"I wonder if anyone else has an ear so tuned and sharpened as I have, to detect the music, not of the spheres, but of earth, subtleties of major and minor chord that the wind strikes upon the tree branches. Have you ever heard the earth breathe... ?"
    - Kate Chopin

  5. #5

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    Well, I've been on two of those three sections now...Shenandoah and N. Georgia. Until recently almost all of our hiking was in the Shenandoah Nat. Park...and it remains one of my favorite places in the world...and it's close to us.

    Georgia is the harder section hike for certain over SNP but it is also a bit wilder...more deep woods and quieter although it was very busy back in Oct. We are going back just after Christmas and I suspect we won't run into the boy scouts this time.

    Shenandoah is very busy all summer and freaking nuts in the Fall when the leaves are turning. Skyline drive is rarely far from the AT so if you an insecure sort of hiker, help is never far away...but you rarely can get away from the sound of someone's Harley or RV going up the road either. There are places to get good meals there and sleep soft/shower if you'd prefer.

    My choice would be Georgia also and that is what we are doing now in shorter sections than you are proposing.

    Another tip...Neel's Gap about 3-4 days from Springer depending on how fast you hike...has some very nice cabins also for rent called Blood Mountain cabins. Very nice rentals and very hiker friendly. There is also a hiker hostel/outfitter there, right on the AT, if you like more basic accommodations overnight and you can resupply and fix equipment issues.

  6. #6
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    Thanks for all the replies. All good advice. My initial thought is to average 10 miles per day and the trip would be 10-14 days depending on how many vacations days we can commit, total mileage, etc.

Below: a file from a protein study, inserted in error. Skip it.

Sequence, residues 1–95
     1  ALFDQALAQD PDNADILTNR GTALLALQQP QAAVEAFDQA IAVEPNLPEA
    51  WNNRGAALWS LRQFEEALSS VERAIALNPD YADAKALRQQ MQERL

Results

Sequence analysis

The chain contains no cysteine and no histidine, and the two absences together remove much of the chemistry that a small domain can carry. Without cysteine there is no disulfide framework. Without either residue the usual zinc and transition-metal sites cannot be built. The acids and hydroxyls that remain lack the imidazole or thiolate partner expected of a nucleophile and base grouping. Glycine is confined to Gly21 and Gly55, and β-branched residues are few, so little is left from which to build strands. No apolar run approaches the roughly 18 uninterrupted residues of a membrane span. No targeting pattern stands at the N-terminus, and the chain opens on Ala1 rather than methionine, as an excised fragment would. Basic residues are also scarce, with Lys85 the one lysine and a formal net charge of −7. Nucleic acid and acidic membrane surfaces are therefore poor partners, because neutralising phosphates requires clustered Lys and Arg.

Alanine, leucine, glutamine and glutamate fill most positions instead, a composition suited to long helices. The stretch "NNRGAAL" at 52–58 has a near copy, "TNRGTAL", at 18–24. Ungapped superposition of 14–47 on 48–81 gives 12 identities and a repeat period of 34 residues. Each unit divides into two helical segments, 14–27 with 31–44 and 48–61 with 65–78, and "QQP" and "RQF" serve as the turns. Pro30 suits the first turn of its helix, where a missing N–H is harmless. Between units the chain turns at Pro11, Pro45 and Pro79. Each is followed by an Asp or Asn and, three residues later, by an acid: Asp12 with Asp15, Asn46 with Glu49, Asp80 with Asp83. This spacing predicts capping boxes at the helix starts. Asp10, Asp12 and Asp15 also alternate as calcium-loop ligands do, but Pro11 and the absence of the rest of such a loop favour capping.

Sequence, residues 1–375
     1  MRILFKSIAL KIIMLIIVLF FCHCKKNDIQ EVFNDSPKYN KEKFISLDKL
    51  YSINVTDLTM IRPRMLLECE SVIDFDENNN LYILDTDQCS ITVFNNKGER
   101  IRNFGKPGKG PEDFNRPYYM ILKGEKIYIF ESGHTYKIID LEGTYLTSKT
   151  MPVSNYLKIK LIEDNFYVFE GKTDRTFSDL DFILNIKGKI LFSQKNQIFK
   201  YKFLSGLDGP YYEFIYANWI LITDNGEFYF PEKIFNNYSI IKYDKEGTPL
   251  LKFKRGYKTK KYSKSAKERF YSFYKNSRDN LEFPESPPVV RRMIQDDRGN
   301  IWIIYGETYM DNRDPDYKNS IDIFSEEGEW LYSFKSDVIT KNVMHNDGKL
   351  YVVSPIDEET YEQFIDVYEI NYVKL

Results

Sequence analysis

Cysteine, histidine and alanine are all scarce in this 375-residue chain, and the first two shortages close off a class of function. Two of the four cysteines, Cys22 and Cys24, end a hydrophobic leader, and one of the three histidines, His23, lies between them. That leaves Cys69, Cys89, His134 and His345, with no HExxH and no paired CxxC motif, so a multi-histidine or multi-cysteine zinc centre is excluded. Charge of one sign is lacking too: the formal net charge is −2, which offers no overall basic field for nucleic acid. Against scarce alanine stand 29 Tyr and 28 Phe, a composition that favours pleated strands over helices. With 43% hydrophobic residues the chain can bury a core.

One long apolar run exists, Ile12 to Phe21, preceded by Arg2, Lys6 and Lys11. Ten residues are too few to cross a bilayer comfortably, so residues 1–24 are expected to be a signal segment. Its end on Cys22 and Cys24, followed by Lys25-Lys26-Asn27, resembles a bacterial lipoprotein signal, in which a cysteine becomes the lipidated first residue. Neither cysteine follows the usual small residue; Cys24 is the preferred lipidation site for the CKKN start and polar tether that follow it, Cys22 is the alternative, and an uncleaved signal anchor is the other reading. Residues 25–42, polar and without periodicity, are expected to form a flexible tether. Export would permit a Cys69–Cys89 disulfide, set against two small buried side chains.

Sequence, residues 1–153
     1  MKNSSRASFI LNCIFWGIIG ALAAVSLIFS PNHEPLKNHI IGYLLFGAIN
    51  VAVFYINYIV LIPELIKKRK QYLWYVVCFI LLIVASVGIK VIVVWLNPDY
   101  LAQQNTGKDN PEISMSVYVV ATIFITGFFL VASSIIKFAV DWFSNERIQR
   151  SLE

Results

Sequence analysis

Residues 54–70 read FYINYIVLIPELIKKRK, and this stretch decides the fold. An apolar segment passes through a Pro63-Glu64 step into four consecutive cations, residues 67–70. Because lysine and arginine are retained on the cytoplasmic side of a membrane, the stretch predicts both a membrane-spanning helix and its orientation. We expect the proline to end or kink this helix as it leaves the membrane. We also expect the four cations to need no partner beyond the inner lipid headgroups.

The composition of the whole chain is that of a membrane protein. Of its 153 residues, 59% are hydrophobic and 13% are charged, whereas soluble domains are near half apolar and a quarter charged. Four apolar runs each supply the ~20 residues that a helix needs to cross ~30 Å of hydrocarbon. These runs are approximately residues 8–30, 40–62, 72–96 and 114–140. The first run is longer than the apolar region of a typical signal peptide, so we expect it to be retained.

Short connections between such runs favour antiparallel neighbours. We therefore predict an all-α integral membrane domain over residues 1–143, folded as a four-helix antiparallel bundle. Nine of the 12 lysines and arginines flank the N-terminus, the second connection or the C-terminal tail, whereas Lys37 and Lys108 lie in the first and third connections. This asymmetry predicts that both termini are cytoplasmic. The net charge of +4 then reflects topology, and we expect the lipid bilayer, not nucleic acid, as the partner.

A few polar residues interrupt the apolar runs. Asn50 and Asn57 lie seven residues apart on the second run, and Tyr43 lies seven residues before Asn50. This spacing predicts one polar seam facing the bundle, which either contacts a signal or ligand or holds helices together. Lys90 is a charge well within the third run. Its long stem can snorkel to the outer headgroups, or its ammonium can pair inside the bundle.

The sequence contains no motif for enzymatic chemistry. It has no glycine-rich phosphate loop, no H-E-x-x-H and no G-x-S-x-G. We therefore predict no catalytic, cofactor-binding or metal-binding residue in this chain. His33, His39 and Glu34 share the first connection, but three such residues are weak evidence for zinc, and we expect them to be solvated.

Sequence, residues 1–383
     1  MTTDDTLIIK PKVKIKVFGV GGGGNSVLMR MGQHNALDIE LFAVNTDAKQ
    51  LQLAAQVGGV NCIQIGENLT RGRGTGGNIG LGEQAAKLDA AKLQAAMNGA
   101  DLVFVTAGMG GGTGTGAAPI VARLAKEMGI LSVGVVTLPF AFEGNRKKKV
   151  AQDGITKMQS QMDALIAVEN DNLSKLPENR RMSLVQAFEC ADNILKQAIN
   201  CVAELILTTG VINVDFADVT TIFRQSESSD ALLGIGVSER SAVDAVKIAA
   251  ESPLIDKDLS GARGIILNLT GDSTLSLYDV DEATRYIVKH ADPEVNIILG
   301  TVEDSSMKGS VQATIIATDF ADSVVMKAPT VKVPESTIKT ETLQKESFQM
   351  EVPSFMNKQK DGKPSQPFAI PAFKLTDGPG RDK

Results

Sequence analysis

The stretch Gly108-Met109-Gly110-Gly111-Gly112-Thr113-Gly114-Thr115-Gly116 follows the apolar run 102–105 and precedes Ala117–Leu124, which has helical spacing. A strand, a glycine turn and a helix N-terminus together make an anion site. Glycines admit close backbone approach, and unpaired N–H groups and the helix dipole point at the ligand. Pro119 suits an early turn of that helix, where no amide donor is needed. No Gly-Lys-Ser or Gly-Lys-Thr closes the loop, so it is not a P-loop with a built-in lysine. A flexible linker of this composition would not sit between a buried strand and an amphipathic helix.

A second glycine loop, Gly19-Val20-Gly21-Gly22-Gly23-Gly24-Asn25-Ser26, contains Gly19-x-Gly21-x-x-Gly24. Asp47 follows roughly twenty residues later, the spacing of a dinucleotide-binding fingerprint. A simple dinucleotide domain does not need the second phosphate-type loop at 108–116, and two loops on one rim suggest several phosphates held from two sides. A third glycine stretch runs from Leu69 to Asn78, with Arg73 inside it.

Personally, I like the Georgia hike. The only problem is its the farthest drive time away, which is another consideration.

    Thanks again,

    pfann

  7. #7
    AT 4000+, LT, FHT, ALT Blissful's Avatar
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    SNP (Shenandoah) is a good choice for a first time section. Also depends on the coworkers. Having places where you can buy food, eat, even get a room if you want, etc. like in SNP is helpful.







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  8. #8

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    Springer to Fontana, you can make it! Average about 10-12 in GA then 13-15 in NC. You will start to get a rhythm going. Remember, you are gonna have more daylight. It would be hard for me to stop at the entrance of the Smokies. They are fun!

  9. #9
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    I would love to go to Fontana and I think I could do it. I am not sure my hiking companions want to be out that long.
    All this encouragement is making me itch to go. Come on, May!!!

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    My first time on the AT was Springer to Deep Gap and I have to say it kicked my @$$. If you or your companions are not experienced hikers I would recommend SNP. It's cake all the way and there aren't really any tough spots north of there either.
    Pain is a by-product of a good time.